“The Celtic mission, inspired by John, remembered him as the beloved disciple who leaned against Jesus at the Last Supper. He had become an image of the practice of listening for the heartbeat of God. This spirituality lent itself to listening for God at the heart of life.”
Listening for the Heartbeat of God – A Celtic Spirituality, Page 1, Introduction
by John Philip Newell
Another Lent has come and gone. Another Holy Week. Another Good Friday. Another Holy Saturday. Another Easter Sunday liturgy and lamb dinner. And now I find myself in Easter Week. Even now the lilies and daffodils are showing signs of a slight wilting. Flowers wilt when they are cut from the earth-source and placed in stone churches.
Winters, water and dead trees make soil. Soil is life, is food, is a source of life on this blue and green planet which floats so miraculously among grey orbs of cosmos after cosmos after cosmos of seemingly lifeless swirling round rocks. The miracle is of the earth’s tilt, just so, at an angle, just so, at a distance from a burning star, just so. All so that life sprouts forth in a dance of water, carbon, rock, and soil in light and night rotations. Amazing. Better than any stained glass.
A flower which could live in its nest of roots and earth in a garden flooded with natural sunlight, sourced by rivulets of rain, nourished by rotting this’s and that’s in the earth formed from freeze and thaw, freeze and thaw, freeze and thaw over millions of years as the cycles of winters and Springs break wood apart splinter by splinter as water freezes and thaws, forcing wood bits apart to make the soil from which that daffodil and lily sprout and grow. Amazing. Better than any sermon.
I admit, it is more than awkward to be an “ordained priest” in a church build on St. Peter’s hierarchy, only to have come to the impolite and impolitic conclusion that the church’s creeds and sacraments were partly designed to give clergy influence over frightened people. Such thoughts expressed make one unpopular in the councils of the church.
But our society is changing. Organizations like the Institute for the Future are proving Pelagius right these six centuries later as Generations X and Y join younger Boomers in the rejection of church hierarchy as a model for religious and spiritual life. With the death of the Silent Generation will come the death of pledging and tithing as the church has always known it (and relied on it.) These younger generations are not doing battle with church hierarchy. They are simply, gently, quietly starving it to death.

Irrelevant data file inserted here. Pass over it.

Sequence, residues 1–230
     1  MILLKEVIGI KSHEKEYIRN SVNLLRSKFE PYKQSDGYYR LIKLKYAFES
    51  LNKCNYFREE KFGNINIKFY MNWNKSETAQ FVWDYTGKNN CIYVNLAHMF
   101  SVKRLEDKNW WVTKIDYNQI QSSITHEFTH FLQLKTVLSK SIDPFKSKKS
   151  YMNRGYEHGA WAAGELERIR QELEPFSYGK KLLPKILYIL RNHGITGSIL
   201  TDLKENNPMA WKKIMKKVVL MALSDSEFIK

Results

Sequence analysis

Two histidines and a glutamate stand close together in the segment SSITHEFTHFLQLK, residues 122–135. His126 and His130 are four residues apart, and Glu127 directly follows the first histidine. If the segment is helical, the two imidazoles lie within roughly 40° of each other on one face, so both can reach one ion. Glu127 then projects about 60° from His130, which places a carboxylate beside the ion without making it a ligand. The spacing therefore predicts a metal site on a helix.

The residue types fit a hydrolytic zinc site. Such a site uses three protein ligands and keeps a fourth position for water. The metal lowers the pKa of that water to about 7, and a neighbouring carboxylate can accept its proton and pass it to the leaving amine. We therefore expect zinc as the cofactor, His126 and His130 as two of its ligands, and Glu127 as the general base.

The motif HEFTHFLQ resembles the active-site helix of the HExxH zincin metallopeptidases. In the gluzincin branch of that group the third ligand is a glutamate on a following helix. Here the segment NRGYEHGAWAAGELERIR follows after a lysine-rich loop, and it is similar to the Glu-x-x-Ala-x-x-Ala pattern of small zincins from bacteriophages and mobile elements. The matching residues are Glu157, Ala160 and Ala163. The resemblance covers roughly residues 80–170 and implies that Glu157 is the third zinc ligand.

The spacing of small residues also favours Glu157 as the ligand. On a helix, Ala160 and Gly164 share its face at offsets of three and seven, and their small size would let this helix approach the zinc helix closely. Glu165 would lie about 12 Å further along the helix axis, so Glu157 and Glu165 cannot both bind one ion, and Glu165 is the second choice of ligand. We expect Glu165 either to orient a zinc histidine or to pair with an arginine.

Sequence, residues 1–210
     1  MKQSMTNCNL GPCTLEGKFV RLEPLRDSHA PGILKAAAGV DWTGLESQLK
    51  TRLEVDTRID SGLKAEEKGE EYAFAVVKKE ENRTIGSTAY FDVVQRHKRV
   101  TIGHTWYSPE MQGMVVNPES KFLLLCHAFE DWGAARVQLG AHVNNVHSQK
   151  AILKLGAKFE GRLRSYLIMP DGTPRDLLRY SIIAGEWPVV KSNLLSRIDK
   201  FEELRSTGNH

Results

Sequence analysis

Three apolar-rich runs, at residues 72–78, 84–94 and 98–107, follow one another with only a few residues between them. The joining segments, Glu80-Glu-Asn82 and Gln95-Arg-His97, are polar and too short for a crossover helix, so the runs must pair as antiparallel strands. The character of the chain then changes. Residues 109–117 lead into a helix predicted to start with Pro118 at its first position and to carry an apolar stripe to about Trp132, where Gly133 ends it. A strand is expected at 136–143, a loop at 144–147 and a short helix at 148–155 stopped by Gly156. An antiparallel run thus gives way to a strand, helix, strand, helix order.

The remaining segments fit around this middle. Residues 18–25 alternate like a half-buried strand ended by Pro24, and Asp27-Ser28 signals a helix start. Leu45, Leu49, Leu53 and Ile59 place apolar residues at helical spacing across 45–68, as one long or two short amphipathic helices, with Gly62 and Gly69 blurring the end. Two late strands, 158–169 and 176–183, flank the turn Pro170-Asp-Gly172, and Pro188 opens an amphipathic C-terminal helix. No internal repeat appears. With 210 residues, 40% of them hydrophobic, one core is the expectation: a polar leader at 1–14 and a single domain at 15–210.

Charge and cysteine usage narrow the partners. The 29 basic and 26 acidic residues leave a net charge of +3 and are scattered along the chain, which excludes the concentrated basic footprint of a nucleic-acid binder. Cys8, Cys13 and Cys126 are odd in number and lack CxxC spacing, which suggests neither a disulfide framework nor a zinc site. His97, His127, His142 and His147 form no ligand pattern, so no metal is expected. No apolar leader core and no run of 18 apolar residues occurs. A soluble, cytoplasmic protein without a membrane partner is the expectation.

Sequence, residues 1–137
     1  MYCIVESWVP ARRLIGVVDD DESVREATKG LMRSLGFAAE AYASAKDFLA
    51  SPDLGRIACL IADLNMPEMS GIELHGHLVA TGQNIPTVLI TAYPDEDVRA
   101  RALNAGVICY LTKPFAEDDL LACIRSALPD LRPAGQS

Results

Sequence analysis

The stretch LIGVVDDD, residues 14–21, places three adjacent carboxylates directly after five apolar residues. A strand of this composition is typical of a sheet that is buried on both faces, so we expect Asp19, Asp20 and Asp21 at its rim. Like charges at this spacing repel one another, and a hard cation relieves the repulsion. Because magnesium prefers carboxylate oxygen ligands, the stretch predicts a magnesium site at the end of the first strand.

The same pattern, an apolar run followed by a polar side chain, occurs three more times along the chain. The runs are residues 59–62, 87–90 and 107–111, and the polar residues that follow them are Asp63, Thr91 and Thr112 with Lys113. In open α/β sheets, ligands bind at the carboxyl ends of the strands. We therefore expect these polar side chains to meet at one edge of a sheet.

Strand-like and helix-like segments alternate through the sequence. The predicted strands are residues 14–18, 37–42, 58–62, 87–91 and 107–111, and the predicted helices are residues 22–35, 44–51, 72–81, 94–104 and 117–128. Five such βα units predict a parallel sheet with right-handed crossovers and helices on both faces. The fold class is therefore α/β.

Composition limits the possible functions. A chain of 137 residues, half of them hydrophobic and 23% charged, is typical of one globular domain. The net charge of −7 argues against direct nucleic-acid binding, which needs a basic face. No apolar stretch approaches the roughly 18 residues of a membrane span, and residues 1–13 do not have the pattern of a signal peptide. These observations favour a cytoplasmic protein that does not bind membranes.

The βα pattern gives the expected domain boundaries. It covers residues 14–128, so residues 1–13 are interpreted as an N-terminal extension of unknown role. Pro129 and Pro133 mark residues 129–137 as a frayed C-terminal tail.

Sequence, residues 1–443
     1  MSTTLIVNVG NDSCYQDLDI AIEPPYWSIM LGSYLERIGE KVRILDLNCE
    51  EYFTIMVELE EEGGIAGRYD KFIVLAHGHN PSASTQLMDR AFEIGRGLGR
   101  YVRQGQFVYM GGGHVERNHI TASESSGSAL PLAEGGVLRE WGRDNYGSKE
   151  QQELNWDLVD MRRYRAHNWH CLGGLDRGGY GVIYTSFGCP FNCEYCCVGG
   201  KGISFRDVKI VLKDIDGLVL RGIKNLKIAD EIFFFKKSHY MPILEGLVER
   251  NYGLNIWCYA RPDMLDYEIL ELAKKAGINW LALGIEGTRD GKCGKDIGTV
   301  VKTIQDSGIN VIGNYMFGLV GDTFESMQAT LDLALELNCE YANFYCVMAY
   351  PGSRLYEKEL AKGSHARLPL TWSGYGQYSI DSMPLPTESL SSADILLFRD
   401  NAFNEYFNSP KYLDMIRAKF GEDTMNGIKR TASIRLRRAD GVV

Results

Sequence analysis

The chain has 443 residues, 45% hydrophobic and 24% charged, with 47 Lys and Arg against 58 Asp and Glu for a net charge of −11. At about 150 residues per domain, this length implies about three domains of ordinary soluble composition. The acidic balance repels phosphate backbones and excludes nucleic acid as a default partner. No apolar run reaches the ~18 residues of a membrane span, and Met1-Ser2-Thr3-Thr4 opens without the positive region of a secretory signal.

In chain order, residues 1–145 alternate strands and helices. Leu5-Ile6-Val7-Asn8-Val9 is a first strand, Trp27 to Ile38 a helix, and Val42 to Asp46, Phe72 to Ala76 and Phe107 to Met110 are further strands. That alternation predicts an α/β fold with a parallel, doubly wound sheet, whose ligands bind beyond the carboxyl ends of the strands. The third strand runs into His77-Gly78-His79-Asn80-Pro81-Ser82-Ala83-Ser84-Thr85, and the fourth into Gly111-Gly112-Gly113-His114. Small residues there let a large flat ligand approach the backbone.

The church is not changing. The church is not dying. The church is simply molting into a new form. Could it be that Celtic spirituality – “a listening for God in the heart of life” as John Philip defines it, may be there to catch a church beginning its free-fall from power? Could it be that little seeds planted in theological soil and fertilized by the dead leaves of ancient prayers preserved in the Carmina Gadelica and of rotting corpses of generations of faithful people praying at Hebridean hearths for centuries… could it be that the little seeds planted in ancient soils by “heretics” like Pelagius and Alexander Scott, “ecclesial rejects” like Columba and great female ecclesial diplomatic “game-loosers” like Hilda of Whitby – could it be that they are sprouting anew just at the right moment to catch the Church in its free-fall? Not unlike planet at just the right tilt for life to sprout.
I think so. I do. There is grief when anything we love begins to die. We need not choose between listening to the Church Catholic and listening to God-in-creation. There is room for both. But a new day is dawning as new generations of people are finding God in forests glades and friendship circles as much as in chapels and cathedrals.
The questions which all of this implies is this: “To what do I listen when seeking love and what practice sets up my listening?” For me, it is God whispering in a stream, whinnying in a horse, tinkling in a rain-fall, laughing in my Black Lab’s smile when I scratch his rear end above his tail, wood crackling in a hearth, even ice tinkling in my scotch.
Yes. I am jealous of John. I want, more than anything in the whole, wide world, to lay my head on Jesus’ chest, feel moisture and hairs, and hear God’s b-thump, b-thump, b-thump of divine heartbeat. But the skin and ribs and breastbone of Jesus are not available to me. And yet, when I sit, daily, in my prayer time or walk the orchards of this farm biting into her apples or meet with friends around a fire to chat about the Christian way, I sense a kind of listening akin to John’s. And that is the future of faith on planet earth.